Design Thinking and Design Thinking Phases will enable you to find your way in the world of possibilities, without getting lost in the possibilities of customer-oriented thinking, problem solving and repeating the same operations.
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Design thinking is the ability to solve a problem.
This is the ability to solve a problem; it is such a method that it is creative, innovative and eye-opening. It is an iterative process that necessitates a thorough knowledge of users and the re-definition of issues as necessary in order to find new tactics and solutions.
Once you know what design thinking is and how to apply it, you’ll find that it’s a phrase you can’t stop using in every part of your life. Design thinking is a people-centered innovation strategy that uses designer approaches to integrate technological potential with human needs as well as financial success.
Design thinking : What is the highlight?
This term may have an artistic connotation at first glance, but the situation is quite different from that; it is a solution-oriented method that scales businesses and is not at all simple.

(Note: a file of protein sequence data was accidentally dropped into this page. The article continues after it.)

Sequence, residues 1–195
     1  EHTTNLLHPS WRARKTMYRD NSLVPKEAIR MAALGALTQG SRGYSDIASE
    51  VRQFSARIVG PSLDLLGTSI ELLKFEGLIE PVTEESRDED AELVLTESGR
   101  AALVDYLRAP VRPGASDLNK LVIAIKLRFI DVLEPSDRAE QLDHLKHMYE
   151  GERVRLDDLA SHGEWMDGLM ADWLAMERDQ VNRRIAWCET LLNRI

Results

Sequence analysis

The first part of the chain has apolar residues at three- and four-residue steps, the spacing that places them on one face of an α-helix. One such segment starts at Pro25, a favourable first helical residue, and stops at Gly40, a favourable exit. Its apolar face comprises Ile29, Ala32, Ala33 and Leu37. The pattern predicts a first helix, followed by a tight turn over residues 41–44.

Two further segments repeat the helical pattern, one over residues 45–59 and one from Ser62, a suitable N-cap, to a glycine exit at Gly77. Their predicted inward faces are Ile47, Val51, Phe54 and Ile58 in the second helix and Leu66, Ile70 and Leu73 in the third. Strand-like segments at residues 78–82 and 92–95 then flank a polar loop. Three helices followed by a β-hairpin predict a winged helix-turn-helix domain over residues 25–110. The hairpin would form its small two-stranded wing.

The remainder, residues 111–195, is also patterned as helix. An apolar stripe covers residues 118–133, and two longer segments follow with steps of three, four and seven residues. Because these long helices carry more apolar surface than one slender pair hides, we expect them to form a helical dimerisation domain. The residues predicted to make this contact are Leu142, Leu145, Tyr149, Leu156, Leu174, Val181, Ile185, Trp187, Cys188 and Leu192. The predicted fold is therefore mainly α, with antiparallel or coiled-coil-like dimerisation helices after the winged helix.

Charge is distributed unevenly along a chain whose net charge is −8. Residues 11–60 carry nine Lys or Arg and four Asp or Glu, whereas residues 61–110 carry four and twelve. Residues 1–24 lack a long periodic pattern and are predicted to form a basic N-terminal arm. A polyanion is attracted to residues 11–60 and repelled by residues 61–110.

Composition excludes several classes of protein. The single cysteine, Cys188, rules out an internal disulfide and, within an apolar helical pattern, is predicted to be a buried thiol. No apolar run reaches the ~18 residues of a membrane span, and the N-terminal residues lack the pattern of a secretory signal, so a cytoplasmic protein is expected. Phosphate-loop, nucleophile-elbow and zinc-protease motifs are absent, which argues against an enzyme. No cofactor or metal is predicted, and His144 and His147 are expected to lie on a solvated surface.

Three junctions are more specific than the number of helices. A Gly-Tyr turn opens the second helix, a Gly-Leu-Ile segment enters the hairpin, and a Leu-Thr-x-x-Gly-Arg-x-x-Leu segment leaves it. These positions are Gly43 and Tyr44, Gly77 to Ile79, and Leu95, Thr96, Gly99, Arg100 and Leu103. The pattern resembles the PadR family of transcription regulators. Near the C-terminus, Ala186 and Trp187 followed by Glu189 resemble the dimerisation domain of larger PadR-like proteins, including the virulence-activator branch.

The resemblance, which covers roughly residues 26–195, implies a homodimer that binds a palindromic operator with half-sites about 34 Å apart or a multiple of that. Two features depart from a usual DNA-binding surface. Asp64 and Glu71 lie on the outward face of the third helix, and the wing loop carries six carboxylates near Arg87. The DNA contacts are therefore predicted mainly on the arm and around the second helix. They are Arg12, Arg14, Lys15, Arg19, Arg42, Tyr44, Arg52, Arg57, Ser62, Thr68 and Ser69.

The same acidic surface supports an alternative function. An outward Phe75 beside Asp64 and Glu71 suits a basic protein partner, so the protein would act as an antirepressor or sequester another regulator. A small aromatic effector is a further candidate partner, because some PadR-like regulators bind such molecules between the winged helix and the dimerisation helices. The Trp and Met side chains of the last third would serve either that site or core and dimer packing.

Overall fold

What is the highlight of the subject, well; the application aims to solve problems from the perspective of the end- user. So you might think that if we can understand the end user’s point of view, we can settle the issue but that’s not the case.
Unfortunately, it is not enough to analyze only the market and end-user behavior, you also need to calculate all the probabilities and of course, You have to analyze and repeat these possibilities. All of these, possibilities, analysis of probabilities and being able to be repeated in every situation is actually an excellent tool, a tool that has become an indispensable part of the business world.
As a result, it becomes a valuable tool in the corporate world. When you know you’ve examined all conceivable outcomes and found a solution that addresses many pathways, you know you’ve delivered a successful product to your market.
It Is So Important In Business World.
The world has become increasingly interconnected and complex, and design thinking provides a tool to tackle all this change in a more human-centered way. Not only design teams, but different business units from different industries around the world are now using design thinking to deal with problems that are not well defined, complex or insufficiently unknown/uncertain.
Because the process allows us to reimagine these problems in a human-centered way and focus on what matters most to users.
This method teaches us to listen deeply with out-of-the-box methods, and to seek solutions to a problem by thinking creatively with a beginner mentality.
Design thinking has grown in popularity over the last several decades as a result of its role in the success of many high-profile, multinational businesses, such as Google and Apple, have had this to a remarkable effect. You can learn this extraordinary method right now from the world’s leading universities. Institutes encourage the use of this method.
Design Thinking Phases